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ORIGINAL ARTICLE
Year : 2019  |  Volume : 8  |  Issue : 1  |  Page : 152

The association of high-risk behaviors and their relationship with identity styles in adolescents


1 Nursing Care Research Center, Health Research Institute, Babol University of Medical Sciences, Babol, Iran
2 Department of Nursing, School of Nursing and Midwifery, Babol University of Medical Sciences, Babol, Iran
3 Social Determinants of Health Research Center, Health Research Institute, Babol University of Medical Sciences, Babol, Iran

Correspondence Address:
Mr. Valiollah Padehban
Department of Nursing, School of Nursing and Midwifery, Babol University of Medical Sciences, Babol
Iran
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Source of Support: None, Conflict of Interest: None


DOI: 10.4103/jehp.jehp_375_18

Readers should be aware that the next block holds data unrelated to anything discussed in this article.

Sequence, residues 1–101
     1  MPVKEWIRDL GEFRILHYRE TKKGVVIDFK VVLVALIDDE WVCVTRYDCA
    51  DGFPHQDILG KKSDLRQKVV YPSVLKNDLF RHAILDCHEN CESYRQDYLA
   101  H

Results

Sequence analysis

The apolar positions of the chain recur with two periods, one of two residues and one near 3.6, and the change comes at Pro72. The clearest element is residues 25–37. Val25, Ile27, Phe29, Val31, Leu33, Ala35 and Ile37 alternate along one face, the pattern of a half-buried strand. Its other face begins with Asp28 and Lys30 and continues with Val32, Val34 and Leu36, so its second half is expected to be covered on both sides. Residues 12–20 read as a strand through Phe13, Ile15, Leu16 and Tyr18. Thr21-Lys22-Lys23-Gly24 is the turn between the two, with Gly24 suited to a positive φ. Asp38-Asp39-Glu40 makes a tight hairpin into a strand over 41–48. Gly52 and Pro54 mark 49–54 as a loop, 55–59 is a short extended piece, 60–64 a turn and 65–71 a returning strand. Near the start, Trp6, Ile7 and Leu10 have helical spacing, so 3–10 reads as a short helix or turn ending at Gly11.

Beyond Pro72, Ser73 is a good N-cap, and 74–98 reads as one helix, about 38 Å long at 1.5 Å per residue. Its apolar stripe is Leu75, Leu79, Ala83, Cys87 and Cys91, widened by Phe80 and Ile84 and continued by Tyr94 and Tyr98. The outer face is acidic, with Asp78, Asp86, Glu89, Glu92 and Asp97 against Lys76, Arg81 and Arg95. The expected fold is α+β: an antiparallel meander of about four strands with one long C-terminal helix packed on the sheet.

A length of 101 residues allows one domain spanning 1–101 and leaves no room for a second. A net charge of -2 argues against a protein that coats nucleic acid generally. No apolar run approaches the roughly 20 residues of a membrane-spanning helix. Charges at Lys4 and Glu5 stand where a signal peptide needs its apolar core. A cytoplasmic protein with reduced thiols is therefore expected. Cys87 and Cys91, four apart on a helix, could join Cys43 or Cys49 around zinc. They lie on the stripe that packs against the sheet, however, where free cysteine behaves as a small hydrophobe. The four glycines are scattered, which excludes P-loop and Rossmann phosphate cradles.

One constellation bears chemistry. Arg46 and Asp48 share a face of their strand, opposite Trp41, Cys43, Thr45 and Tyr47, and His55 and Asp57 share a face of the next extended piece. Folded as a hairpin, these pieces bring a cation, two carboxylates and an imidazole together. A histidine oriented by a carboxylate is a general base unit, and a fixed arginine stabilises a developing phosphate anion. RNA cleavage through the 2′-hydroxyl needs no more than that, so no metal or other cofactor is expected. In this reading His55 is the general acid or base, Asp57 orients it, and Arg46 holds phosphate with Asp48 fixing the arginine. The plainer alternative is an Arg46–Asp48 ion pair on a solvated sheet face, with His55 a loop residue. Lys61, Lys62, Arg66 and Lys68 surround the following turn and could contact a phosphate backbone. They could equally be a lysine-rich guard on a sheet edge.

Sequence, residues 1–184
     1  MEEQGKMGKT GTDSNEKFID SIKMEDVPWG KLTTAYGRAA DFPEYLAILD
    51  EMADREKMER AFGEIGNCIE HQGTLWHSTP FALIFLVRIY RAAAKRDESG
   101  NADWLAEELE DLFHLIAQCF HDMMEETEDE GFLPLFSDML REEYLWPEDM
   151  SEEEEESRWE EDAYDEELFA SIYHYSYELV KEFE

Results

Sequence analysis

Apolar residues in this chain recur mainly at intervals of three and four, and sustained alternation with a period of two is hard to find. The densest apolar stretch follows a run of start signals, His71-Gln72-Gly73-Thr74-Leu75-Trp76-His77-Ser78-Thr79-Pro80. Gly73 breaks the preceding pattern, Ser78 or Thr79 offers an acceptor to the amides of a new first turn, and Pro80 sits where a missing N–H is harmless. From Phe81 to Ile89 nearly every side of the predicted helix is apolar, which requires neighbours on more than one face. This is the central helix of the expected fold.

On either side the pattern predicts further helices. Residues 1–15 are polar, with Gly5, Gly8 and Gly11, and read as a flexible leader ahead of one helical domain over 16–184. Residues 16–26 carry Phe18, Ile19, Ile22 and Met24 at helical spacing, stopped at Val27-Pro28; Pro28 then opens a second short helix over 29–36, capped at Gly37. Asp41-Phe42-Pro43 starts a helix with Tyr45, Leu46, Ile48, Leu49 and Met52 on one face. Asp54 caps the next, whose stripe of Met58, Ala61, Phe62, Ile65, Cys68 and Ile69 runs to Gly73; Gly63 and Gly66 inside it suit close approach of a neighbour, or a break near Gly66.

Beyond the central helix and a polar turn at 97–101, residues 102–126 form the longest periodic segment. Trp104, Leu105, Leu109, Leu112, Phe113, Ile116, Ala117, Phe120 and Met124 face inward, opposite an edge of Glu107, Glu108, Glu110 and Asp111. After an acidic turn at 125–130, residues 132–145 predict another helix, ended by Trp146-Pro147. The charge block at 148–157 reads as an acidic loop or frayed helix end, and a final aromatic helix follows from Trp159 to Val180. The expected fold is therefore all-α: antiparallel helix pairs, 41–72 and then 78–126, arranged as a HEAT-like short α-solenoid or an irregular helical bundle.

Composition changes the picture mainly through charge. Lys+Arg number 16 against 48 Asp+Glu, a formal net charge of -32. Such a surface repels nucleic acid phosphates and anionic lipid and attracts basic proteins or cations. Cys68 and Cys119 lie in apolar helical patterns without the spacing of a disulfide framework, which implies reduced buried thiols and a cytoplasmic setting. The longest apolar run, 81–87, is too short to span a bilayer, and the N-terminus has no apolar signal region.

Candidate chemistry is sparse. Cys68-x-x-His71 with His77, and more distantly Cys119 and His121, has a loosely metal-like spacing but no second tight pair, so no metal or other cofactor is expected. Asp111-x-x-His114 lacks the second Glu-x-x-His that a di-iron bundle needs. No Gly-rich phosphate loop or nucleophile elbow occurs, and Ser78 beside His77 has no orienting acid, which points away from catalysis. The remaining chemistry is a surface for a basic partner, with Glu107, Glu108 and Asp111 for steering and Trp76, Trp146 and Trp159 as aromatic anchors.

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BACKGROUND: Adolescence is considered an important stage in the onset of high-risk behaviors. Identity styles have significant pathological effects in various aspects of high-risk behaviors. The present study was conducted aiming at investigating the association between high-risk behaviors and identity styles in adolescents. MATERIALS AND METHODS: The present cross-sectional research studied 384 girls and boys studying in the second grade of High School in Babol in 2018. Data collection was done through a demographic questionnaire, Mohammadkhani's Risky Behaviour Questionnaire, and Berzonsky's Identity Style Inventory. Data analysis was performed using Chi-square test, Pearson's correlation coefficient, and linear regression analysis. P ≤ 0.05 was considered statistically significant. RESULTS: The mean age of adolescents was 17.21 ± 48.4 years (aged 16–19 years). Aggression (23.4%), relationship with the opposite gender (14.5%), smoking cigarettes and hookah (10.9%), consuming alcohol (9.3%), suicidal thoughts and attempts (5.7%), running away from home (3.9%), and consuming psychotropic substances (1.8%) were among the most common high-risk behaviors observed in the adolescents. The scores of high-risk behaviors were negatively correlated with the identity scores of informational style (4.56 ± 3.107), normative style (4.45 ± 2.581), and identity commitment style (4.15 ± 2.245) and positively correlated with the scores of diffuse-avoidant style (4.15 ± 3.089). Regression analysis showed that only the informational style had a negative and significant correlation with high-risk behaviors. CONCLUSIONS: The present study showed significant prevalence of high-risk behaviors and its relationship with identity styles in adolescents, which requires regular and planned health education intervention at schools.


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